Commission Payment Terms in Employment Contract Trump Cable Rep’s ‘Procuring Cause’ Claim in Sales Contract Spat – IL Court

I once represented a client who sued his former employer – an energy company – for unpaid commission and bonuses.  Before he hired me, the client filed a pro se administrative claim with the Illinois Department of Labor (DOL) to recover the monies.  The DOL found in my client’s favor but could not decide on a specific dollar amount. Several months later, I sued to recover under the Illinois Wage Payment and Collection Act (Wage Act) and for breach of contract.  In that case, which settled favorably for us, the employer unsuccessfully argued my client’s prior DOL case precluded our civil Wage Act claim.  The trial court rejected this res judicata argument on the basis that the DOL proceeding was not equivalent to a prior adjudication on the merits.

Borum v. Wideopenwest Illinois, LLC, 2015 IL App (1st) 141482-U, a two-year old, unpublished decision, presents a similar fact pattern and considers whether an ex-employee’s earlier administrative claim prevents a later civil lawsuit against the same employer for the same claim.  The case also spotlights the interplay between an employment agreement’s payment terms and the procuring cause doctrine in a sales commissions dispute.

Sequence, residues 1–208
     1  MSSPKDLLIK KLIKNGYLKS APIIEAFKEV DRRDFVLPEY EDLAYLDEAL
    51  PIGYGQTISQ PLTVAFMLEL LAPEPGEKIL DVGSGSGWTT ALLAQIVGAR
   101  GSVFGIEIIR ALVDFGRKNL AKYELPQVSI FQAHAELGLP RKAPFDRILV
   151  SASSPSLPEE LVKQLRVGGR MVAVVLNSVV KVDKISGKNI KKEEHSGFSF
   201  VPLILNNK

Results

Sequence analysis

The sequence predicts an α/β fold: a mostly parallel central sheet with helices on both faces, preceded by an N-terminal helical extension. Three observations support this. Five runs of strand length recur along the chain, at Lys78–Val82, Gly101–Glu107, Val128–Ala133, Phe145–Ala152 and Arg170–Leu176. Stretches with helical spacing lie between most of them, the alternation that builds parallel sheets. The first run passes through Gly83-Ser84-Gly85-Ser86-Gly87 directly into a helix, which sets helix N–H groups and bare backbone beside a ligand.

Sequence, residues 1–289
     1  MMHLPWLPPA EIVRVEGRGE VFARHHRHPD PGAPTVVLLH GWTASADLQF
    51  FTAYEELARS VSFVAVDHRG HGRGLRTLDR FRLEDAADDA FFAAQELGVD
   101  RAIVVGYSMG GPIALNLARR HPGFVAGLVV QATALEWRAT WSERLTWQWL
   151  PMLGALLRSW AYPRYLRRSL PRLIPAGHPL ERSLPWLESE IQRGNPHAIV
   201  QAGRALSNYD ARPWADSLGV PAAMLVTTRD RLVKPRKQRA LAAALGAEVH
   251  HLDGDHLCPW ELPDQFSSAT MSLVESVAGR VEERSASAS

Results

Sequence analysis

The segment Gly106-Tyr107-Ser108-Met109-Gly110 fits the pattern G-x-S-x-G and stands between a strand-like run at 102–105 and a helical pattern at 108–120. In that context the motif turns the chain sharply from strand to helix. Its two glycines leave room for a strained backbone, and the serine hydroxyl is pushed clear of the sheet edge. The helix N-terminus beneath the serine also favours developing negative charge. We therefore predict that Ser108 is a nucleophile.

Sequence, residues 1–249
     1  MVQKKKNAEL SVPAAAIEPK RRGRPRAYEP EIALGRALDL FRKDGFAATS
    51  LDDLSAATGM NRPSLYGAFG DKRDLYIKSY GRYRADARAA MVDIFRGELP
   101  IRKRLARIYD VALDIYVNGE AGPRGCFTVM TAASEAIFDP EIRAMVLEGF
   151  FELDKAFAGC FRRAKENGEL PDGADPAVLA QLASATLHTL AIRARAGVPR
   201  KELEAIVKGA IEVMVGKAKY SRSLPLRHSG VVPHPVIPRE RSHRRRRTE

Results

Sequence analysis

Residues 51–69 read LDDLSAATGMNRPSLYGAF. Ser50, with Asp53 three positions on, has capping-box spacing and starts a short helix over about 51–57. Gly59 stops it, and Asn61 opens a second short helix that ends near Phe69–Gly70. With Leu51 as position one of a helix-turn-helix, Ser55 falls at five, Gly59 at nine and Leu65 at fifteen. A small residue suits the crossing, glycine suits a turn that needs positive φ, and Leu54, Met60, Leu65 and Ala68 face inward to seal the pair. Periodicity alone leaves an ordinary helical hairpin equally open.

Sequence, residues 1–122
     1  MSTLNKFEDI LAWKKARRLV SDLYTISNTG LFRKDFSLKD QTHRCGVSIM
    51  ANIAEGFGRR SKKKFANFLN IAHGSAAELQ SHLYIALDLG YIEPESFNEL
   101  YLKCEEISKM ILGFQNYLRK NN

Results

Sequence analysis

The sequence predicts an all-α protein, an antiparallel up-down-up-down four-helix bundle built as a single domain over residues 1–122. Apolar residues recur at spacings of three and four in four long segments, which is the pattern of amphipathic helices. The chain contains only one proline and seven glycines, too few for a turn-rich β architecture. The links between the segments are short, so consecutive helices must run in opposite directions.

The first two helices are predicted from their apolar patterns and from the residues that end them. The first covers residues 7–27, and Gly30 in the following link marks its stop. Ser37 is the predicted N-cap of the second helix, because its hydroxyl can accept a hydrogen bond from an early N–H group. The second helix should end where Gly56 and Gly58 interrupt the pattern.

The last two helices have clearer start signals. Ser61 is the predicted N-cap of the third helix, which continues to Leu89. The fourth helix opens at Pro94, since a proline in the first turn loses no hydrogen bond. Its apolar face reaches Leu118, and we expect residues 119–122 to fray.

Defendant hired plaintiff to prospect for cable customers.  It agreed to pay plaintiff a commission based on customers he signed up.  The defendant’s standard employment contract documented the plaintiff’s commission payment rights: plaintiff earned his commission once a customer signed a right-of-entry agreement with the cable supplier.

After lodging an unsuccessful DOL, plaintiff sued the cable company in state court to recover unpaid sales commissions. The trial court granted defendant’s motion to dismiss all counts of the plaintiff’s complaint and plaintiff appealed.

Affirming the trial court’s dismissal, the Court first considered whether the plaintiff’s DOL proceeding barred his civil suit under res judicata or collateral estoppel principles.  Section 14 of the Wage Act authorizes an employee to file either a DOL claim or a civil action, but not both, to recover underpayment damages along with 2% per month of the underpaid amount.

The DOL ruled against the plaintiff.  It found the right-of-entry agreements were not consummated until signed by both a customer and the defendant employer.)

The Court found the DOL hearing was too informal and not “judicial” or “adjudicatory” enough to defeat plaintiff’s later civil suit under the res judicata rule.

Res judicata requires a final judgment on the merits by a court of competent jurisdiction.  Collateral estoppel precludes litigation of an issue previously decided in an earlier proceeding.  Res judicata and collateral estoppel can extend to administrative proceedings that are judicial, adjudicatory or quasi-judicial in nature.

So where administrative proceedings involve sworn testimony, are adversarial in nature and include cross-examination of witnesses, they can bar a subsequent civil suit.